Noam Chomsky on 1968

Nineteen sixty-eight was one exciting moment in a much larger movement. It spawned a whole range of movements. There wouldn't have been an international global solidarity movement, for instance, without the events of 1968. It was enormous, in terms of human rights, ethnic rights, a concern for the environment, too.

The Pentagon Papers (the 7,000-page, top-secret US government report into the Vietnam War) are proof of this: right after the Tet Offensive, the business world turned against the war, because they thought it was too costly, even though there were proposals within the government - and we know this now - to send in more American troops. Then LBJ announced he wouldn't be sending any more troops to Vietnam.

The Pentagon Papers tell us that, because of the fear of growing unrest in the cities, the government had to end the war - it wasn't sure that it was going to have enough troops to send to Vietnam and enough troops on the domestic front to quell the riots.

One of the most interesting reactions to come out of 1968 was in the first publication of the Trilateral Commission, which believed there was a "crisis of democracy" from too much participation of the masses. In the late 1960s, the masses were supposed to be passive, not entering into the public arena and having their voices heard. When they did, it was called an "excess of democracy" and people feared it put too much pressure on the system. The only group that never expressed its opinions too much was the corporate group, because that was the group whose involvement in politics was acceptable.

The commission called for more moderation in democracy and a return to passivity. It said the "institutions of indoctrination" - schools, churches - were not doing their job, and these had to be harsher.

The more reactionary standard was much harsher in its reaction to the events of 1968, in that it tried to repress democracy, which has succeeded to an extent - but not really, because these social and activist movements have now grown. For example, it was unimaginable in 1968 that there would be an international Solidarity group in 1980.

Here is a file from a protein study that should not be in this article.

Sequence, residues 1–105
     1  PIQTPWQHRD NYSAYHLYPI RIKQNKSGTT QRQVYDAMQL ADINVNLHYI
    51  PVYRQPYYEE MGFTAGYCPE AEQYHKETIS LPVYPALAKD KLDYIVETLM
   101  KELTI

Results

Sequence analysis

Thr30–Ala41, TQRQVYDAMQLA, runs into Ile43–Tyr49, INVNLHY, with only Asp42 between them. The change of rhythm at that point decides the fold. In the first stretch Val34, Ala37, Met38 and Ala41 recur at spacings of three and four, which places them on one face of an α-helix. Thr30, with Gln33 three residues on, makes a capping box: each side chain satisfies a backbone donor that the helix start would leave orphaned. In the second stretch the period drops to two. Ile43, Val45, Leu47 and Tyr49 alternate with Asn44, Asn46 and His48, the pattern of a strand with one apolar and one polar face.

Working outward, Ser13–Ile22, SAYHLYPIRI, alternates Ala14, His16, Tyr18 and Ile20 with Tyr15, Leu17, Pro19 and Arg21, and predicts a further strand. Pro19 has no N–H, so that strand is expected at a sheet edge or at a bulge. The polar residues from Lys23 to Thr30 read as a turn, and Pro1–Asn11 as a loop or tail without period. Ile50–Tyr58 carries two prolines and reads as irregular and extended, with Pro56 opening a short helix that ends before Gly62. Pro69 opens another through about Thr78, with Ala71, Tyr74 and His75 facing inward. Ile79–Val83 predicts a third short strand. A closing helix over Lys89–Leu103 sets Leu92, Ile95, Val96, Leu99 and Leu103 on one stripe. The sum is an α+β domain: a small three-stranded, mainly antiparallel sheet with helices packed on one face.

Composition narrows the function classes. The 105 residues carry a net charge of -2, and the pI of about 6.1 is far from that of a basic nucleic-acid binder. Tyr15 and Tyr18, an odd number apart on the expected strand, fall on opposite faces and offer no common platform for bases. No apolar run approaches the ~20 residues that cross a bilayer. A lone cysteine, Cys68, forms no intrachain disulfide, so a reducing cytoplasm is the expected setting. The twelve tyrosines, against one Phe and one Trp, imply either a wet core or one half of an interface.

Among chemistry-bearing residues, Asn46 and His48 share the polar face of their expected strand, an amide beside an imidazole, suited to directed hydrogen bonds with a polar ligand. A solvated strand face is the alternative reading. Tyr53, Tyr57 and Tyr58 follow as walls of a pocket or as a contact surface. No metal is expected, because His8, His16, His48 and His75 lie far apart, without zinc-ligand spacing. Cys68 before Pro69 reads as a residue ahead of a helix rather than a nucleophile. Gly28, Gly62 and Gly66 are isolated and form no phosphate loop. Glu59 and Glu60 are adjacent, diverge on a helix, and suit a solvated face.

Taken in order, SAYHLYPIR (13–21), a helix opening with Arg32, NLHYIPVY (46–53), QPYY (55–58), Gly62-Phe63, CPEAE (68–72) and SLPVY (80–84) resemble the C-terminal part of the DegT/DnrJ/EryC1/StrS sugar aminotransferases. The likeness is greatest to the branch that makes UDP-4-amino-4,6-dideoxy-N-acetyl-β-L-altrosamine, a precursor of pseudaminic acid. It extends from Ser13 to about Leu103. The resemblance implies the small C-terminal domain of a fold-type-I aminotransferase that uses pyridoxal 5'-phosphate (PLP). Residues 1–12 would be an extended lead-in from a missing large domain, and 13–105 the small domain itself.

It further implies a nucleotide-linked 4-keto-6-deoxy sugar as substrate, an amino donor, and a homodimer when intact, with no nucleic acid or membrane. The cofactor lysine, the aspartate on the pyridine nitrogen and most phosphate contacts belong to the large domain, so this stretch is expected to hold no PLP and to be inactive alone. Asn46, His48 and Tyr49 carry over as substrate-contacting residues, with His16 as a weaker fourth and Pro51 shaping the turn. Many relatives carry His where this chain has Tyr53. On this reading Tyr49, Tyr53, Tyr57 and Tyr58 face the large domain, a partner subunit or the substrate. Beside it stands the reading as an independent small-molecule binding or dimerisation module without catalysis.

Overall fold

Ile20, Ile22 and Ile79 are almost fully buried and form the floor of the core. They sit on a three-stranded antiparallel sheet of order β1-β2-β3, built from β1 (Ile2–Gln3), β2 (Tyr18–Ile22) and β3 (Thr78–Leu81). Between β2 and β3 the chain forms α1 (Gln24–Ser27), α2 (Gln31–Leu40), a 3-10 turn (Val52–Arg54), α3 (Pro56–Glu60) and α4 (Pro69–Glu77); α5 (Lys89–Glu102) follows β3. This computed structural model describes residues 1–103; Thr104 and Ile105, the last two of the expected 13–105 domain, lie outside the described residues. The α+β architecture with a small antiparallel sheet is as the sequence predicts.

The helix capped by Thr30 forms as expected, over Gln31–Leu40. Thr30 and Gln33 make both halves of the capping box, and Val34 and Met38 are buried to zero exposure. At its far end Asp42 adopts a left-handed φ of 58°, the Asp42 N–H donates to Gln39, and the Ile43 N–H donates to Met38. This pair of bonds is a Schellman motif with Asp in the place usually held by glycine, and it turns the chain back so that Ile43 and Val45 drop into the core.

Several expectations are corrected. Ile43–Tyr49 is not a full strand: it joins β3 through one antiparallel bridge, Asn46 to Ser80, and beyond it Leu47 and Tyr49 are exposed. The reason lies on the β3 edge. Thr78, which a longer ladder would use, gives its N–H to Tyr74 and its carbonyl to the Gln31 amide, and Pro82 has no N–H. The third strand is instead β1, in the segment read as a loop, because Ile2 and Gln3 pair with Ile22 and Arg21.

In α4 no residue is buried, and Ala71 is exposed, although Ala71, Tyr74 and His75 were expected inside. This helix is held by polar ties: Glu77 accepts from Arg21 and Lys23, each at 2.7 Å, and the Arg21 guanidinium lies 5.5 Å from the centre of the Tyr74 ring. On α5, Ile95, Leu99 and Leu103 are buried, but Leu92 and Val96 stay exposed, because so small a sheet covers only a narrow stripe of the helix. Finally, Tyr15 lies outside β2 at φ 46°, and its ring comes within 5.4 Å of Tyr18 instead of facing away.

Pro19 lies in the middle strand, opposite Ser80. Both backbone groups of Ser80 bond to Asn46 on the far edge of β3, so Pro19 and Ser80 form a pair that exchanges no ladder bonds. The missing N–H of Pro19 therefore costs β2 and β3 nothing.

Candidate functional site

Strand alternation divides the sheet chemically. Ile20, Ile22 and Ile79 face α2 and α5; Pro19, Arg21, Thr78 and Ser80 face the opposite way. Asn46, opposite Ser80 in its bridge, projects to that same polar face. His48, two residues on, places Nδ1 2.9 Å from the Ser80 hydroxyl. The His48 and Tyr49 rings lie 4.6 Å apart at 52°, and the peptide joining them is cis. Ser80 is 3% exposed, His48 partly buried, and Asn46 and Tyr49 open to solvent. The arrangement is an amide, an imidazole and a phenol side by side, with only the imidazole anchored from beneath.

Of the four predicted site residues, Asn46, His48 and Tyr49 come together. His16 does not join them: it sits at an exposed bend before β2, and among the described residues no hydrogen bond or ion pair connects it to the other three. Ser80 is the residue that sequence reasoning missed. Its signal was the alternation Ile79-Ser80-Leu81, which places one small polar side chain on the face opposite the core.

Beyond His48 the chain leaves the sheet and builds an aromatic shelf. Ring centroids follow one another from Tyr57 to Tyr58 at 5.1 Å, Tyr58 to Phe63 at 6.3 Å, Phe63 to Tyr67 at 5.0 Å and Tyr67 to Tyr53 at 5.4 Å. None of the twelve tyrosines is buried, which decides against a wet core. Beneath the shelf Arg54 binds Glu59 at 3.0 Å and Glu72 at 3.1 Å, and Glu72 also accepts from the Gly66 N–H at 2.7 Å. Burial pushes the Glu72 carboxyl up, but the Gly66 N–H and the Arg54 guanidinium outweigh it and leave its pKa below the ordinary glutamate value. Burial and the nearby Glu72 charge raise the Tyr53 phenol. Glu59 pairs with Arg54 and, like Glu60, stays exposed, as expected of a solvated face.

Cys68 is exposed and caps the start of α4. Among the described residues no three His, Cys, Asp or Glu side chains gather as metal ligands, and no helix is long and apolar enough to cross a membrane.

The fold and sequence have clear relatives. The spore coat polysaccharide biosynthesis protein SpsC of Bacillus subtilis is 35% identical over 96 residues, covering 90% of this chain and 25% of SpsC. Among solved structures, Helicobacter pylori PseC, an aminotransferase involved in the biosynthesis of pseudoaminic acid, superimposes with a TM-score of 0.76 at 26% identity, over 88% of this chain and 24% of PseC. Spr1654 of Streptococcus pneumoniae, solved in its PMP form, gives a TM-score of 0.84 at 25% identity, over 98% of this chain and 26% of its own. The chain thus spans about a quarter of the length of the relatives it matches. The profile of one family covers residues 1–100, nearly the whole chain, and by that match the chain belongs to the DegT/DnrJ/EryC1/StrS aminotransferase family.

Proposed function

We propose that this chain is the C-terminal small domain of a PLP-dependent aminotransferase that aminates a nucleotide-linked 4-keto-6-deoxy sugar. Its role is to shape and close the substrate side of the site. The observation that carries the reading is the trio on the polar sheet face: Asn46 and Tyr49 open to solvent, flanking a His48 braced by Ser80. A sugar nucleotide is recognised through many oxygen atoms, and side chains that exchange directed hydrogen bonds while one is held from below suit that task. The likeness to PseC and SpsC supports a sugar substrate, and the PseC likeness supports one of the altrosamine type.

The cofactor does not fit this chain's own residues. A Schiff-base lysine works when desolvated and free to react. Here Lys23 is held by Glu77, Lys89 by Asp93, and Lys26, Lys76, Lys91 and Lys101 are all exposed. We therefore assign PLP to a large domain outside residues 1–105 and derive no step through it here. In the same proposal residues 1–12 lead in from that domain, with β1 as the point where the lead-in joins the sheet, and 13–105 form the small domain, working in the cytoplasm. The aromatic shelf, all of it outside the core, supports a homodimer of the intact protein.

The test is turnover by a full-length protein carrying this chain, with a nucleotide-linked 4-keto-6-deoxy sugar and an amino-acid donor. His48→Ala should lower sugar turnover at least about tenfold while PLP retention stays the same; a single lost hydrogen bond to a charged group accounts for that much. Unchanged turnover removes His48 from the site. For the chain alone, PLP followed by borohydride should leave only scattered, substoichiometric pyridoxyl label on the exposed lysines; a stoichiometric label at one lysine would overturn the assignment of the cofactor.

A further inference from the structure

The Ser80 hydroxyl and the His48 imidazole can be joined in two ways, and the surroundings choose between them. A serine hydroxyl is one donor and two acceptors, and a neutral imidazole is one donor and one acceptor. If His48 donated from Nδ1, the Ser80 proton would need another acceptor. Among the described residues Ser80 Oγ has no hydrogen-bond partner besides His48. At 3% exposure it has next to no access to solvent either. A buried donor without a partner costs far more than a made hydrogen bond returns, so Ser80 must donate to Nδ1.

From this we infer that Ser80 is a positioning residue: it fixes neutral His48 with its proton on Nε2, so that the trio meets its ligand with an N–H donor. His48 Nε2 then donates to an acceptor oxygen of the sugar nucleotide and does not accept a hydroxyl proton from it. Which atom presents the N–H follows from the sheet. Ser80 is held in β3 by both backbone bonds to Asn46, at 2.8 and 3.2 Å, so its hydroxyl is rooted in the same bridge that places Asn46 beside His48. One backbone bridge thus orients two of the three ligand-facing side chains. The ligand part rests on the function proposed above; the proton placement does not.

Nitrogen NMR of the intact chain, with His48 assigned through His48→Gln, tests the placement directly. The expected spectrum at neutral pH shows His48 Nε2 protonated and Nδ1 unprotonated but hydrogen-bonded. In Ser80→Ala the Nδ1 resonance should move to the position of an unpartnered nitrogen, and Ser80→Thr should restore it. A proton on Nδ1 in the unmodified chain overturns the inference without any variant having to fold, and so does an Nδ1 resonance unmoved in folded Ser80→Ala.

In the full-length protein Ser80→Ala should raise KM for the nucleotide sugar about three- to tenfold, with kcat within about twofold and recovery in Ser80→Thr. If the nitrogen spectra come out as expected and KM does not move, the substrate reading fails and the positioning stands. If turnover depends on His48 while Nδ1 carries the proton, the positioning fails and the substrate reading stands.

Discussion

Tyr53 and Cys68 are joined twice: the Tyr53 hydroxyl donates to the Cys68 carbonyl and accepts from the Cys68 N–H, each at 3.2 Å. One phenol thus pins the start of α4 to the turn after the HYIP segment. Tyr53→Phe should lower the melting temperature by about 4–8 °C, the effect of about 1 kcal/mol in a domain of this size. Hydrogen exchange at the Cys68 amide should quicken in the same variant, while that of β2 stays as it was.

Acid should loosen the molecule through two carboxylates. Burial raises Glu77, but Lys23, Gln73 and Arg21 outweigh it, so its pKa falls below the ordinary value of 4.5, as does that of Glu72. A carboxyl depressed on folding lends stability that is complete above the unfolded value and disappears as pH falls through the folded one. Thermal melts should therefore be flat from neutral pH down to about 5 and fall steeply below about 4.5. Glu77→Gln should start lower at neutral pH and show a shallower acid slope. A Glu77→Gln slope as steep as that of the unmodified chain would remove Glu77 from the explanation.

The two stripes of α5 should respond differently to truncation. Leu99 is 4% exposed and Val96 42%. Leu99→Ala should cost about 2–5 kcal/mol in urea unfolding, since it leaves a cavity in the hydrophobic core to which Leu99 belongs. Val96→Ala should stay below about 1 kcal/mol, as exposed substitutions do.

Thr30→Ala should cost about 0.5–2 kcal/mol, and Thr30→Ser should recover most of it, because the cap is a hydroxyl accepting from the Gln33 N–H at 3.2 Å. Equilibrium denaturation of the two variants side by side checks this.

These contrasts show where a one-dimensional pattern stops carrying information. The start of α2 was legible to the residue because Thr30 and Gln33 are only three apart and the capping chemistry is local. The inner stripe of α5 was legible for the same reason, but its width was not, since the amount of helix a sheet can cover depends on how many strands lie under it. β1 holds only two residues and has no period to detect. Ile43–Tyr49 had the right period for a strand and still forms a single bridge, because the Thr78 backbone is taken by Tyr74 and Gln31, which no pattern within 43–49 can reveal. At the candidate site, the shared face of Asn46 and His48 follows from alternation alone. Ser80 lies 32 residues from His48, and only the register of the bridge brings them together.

But democracy is even stronger now than it was in 1968. You have to remember that, during Vietnam, there was no opposition at the beginning of the war. It did develop, but only six years after John F Kennedy attacked South Vietnam and troop casualties were mounting. However, with the Iraq War, opposition was there from the very beginning, before an attack was even initiated. The Iraq War was the first conflict in western history in which an imperialist war was massively protested against before it had even been launched.

There are other differences, too. In 1968, it was way out in the margins of society to even discuss the possibility of withdrawal from Vietnam. Now, every presidential candidate mentions withdrawal from Iraq as a real policy choice.

There is also far greater opposition to oppression now than there was before. For example, the US used routinely to support or initiate military coups in Latin America. But the last time the US supported a military coup was in 2002 in Venezuela, and even then they had to back off very quickly because there was public opposition. They just can't do the kinds of things they used to.